A lot of people I know have been feeling a little down, lately. Sometimes I just want to get everyone and wrap them up in a big blanket and squish them and hold them all day long. But that’s just not possible. I asked my friend, Gina, what would make her feel better and she said a story would help. A romantic, hopeful story. So I wrote one. The title comes from the wonderful photographer and blogger, Frances of Blogjem and Daytrippers; it is something her own father used to say to her (thanks again for letting me use it, Frances).
This is dedicated to everyone who needs a little lift….
Rose’s father ran a store in the city selling umbrellas, rain coats, all manner of rain-related gear. Rainy Days and Mondays he called it. It was an enormously profitable business, particularly since he got the students from the local design school to design umbrella prints in limited editions. Those umbrellas were cool – there was no other way to describe them – with their slogans and images that exploded onto the landscape.
On rainy days Rose felt as if the city belonged to her father. Everywhere she looked she saw one of his umbrellas. People commented on how much she smiled when it rained, but she couldn’t help it with so many of her father’s creations catching her eye from street corners and doorways.
Her father favoured only one umbrella. A rarity designed by the famous Parisian designer Bernard De La Pluie. It was deep red, a plain weave made from silk and cotton. The shaft was fashioned from walnut and the handle was etched with De La Pluie’s signature. It was extremely valuable and beautiful. People commented on it whenever her father used it.
Despite its beauty the De La Pluie umbrella was fragile. Rose’s father feared its deterioration. He used it sparingly. So when the rain was light he would take her hand and gaze up at the glistening sky, moving slightly from one foot to the next as he gauged the speed with which the raindrops fell. When he had ascertained their rhythm he would shout RUN and together they would plunge over the wet streets in between the fall of the raindrops, sheltering under trees until it was safe to run again. It was a game between only them. A precious thing they shared. Whenever it rained Rose would pray that the rain would fall lightly and that her father would have time to run between the raindrops with her.
One day Elaine came. She captivated Rose’s father with her tight skirts and swinging hips. She looked at Rose with a curled lip, saying : You’re very plain, aren’t you?
It wasn’t long before Rose’s father confided that he was in love, that he and Elaine would be married.
Rose felt sick on the wedding day. Her father had puppy dog eyes and a new suit that puckered at the shoulders. Elaine shimmered in champagne-coloured lace. They danced to Your Song by Elton John.
Rose caught sight of herself in the mirror near the kitchen. Her face was puckered like her father’s suit. And very plain.
Soon after Elaine suggested Rose move out. That she was too old to be living at home. Rose’s father apologised but did not object.
Elaine was a quick worker. One day she emptied out all of Rose’s father’s bank accounts then disappeared. Rose’s father sat in the kitchen drinking tea and listening to Your Song over and over again. He refused to open the store. Rose got into a panic. She didn’t know what to do. The bills piled up on the kitchen table unopened.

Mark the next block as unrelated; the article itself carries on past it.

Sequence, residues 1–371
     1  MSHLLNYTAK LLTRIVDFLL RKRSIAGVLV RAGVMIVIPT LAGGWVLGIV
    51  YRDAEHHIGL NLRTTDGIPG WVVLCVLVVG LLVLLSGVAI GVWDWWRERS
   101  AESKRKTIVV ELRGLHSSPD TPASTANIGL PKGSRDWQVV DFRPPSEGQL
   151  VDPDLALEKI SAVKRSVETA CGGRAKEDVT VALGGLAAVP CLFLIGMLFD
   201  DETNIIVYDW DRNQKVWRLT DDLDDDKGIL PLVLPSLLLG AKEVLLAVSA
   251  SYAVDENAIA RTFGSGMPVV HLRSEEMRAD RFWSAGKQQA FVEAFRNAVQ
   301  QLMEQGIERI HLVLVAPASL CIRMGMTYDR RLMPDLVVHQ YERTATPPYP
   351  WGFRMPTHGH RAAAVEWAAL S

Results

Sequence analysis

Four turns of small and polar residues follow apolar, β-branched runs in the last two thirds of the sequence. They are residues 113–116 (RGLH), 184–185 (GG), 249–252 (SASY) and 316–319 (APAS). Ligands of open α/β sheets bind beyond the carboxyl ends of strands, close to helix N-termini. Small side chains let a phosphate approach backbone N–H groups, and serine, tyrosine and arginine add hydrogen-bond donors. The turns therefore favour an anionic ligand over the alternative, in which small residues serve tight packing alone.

It rained for two weeks, a light, soft rain that should have been comforting. Rose didn’t run between the raindrops once; she had decided to reopen the store. The umbrellas had almost sold out. She asked her father what to do but he was sitting in the kitchen eating dry cereal from the box and weeping. She could get no sense out of him.
Sam walked in just as Rose sold her last umbrella. I’ve sold out, she said, biting her lip.
I’ll help you get some more, Sam said.
Sam bought new stock, dressed the windows with jolly umbrellas and helped Rose pay the bills. She told her father she had given Sam a job. He stopped gazing out the window for a moment but was otherwise unmoved.
The rains came swiftly. Rose and Sam opened the store early to cope with the rush. The streets were clean-washed and blue, smelling of autumn. They sold all of their new stock in three days and were able to put some money in the bank.
The design students wanted to run another series of limited edition umbrellas called Crying In The Rain. The umbrellas were printed with eyes and tears. It caused a frenzy. People called from all over the world to secure a Crying In The Rain umbrella. Rose and Sam were interviewed by the local news station. They made so much money they could afford to buy Rose’s father a ticket to Paris to visit the factory of Bernard De La Pluie. The excitement of the trip broke him out of his melancholy.
One night a wind blew up from the south full of magic and whimsy. Rose and Sam had just received several boxes full of umbrellas.
Let’s unpack them tomorrow, Sam said. I’m hungry.
They locked the store, caught off guard by a light rain that had begun to fall. The only unpacked umbrella was Rose’s father’s. I’ll get my father’s De La Pluie umbrella, Rose said.
Don’t worry, Sam said. We can run between the raindrops.
Rose looked at him, wondering how he knew, taking his hand as the wind cavorted at her heels. She caught sight of herself in a shop window as they ran and danced. She was no longer plain and puckered. With hope held high in her heart she plunged into a night that tasted only of good things, as Sam’s gentle breath caressed her face.